Citigroup's Handling of EMI Music Sale Ordered to New Trial

The Second Circuit Court of Appeals has ordered a new trial in Terra Firma's lawsuit against Citigroup.

In August 2007, the private equity firm acquired EMI for 4 billion pounds ($6.5 billion). Two years thereafter, saddled with debt, Terra Firma sued Citigroup with allegations that during the auction, a Citigroup banker named David Wormsley who was one of the people advising the auction, had fraudulently induced the private equity firm to make an inflated bid for EMI.

Wormsley allegedly got Terra Firma to make a huge bid by telling one of Terra Firma's principals that another bidder was bidding 262 pence per share when really, the bidder had already dropped out.

In 2010, a jury ruled in Citigroup's favor, but on Friday, an appeals court vacated the ruling with a finding that the trial judge had made improper jury instructions.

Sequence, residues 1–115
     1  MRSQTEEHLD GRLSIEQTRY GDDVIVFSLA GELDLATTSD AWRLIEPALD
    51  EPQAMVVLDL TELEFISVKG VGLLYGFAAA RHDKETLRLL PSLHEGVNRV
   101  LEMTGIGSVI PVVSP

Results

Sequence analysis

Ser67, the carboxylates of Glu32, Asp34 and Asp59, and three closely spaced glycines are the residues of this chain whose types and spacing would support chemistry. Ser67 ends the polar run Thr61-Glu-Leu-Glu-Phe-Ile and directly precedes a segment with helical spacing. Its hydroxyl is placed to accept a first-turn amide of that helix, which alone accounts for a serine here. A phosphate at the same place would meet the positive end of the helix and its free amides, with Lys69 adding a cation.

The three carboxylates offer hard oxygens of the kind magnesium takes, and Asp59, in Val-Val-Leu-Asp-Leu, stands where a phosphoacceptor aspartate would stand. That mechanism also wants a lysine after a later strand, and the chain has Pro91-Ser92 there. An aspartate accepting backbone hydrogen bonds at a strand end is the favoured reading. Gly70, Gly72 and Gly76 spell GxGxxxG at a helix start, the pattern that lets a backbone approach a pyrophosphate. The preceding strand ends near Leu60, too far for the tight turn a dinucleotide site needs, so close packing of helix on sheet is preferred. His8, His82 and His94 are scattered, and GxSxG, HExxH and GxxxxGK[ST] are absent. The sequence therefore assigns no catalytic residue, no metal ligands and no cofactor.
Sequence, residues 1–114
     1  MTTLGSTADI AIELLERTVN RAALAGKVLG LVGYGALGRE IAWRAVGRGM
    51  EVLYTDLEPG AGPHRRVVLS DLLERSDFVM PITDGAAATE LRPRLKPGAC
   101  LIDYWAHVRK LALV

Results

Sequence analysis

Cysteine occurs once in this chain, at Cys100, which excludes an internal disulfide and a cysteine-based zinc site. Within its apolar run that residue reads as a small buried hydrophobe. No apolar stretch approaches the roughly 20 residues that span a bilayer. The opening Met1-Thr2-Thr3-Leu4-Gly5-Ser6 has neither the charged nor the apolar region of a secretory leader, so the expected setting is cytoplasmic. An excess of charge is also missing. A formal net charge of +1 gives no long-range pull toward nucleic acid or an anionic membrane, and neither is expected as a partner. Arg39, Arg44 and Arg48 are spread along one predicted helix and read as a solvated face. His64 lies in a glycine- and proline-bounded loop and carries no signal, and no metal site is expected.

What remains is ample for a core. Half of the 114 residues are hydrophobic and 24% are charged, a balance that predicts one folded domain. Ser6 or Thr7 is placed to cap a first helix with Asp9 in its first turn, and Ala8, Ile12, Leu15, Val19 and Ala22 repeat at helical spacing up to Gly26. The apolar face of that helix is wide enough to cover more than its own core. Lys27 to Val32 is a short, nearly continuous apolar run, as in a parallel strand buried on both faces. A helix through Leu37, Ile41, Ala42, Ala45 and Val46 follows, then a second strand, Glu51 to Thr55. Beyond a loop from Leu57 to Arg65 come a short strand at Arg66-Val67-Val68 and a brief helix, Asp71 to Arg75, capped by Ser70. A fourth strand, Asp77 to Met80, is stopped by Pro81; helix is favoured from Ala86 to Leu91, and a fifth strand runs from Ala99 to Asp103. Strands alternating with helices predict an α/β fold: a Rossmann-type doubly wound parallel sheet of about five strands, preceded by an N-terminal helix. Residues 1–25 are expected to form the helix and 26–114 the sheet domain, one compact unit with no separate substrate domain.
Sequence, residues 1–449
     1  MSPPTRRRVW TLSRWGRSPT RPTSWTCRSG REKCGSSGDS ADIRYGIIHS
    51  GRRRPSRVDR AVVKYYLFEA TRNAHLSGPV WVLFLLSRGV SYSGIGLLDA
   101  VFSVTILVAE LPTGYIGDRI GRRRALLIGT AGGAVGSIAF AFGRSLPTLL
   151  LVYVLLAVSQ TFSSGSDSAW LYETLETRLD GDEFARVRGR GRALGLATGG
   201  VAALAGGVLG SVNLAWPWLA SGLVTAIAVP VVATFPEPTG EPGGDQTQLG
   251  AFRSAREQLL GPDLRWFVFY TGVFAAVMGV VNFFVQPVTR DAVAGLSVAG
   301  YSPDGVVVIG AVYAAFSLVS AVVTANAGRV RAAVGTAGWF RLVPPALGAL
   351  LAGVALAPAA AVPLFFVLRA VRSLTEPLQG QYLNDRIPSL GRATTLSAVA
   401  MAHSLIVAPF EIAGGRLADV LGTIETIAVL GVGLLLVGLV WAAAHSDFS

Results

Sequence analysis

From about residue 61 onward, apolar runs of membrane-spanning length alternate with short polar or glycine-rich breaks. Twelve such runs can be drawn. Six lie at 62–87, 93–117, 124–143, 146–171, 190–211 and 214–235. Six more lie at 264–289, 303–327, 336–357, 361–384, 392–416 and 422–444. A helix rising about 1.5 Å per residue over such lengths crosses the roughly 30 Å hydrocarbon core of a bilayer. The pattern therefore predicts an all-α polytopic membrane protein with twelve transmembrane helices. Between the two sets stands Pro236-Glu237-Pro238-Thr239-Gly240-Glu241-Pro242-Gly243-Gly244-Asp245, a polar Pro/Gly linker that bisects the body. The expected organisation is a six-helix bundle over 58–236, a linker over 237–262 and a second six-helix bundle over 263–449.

At the end of the trial, the judge told the jury that Terra Firma had to prove, by a preponderance of the evidence, that it “did in fact rely on one or more [of Wormsley’s] misrepresentations and that the misrepresentations were a substantial factor in causing Terra Firma to make the bid it made for EMI Group on May 21, 2007.”

The Second Circuit now says that was an error.

According to today's ruling, "Because the jury instructions incorrectly shifted the burden of proof from Citi to Terra Firma on the reliance element, they were prejudicial and require reversal."

Terra Firma can't convince the appeals court that its negligent misrepresentation claim should have been decided by the judge rather than the jury nor is it able to revive a fraudulent concealment claim that was dismissed by the judge.

But the case has been remanded down to the trial court for a new trial.

Ironically, Citigroup took over control of EMI from Terra Firma in early 2011 -- after the trial -- and then parts of EMI were sold to Universal Music Group and Sony/ATF Music Publishing.

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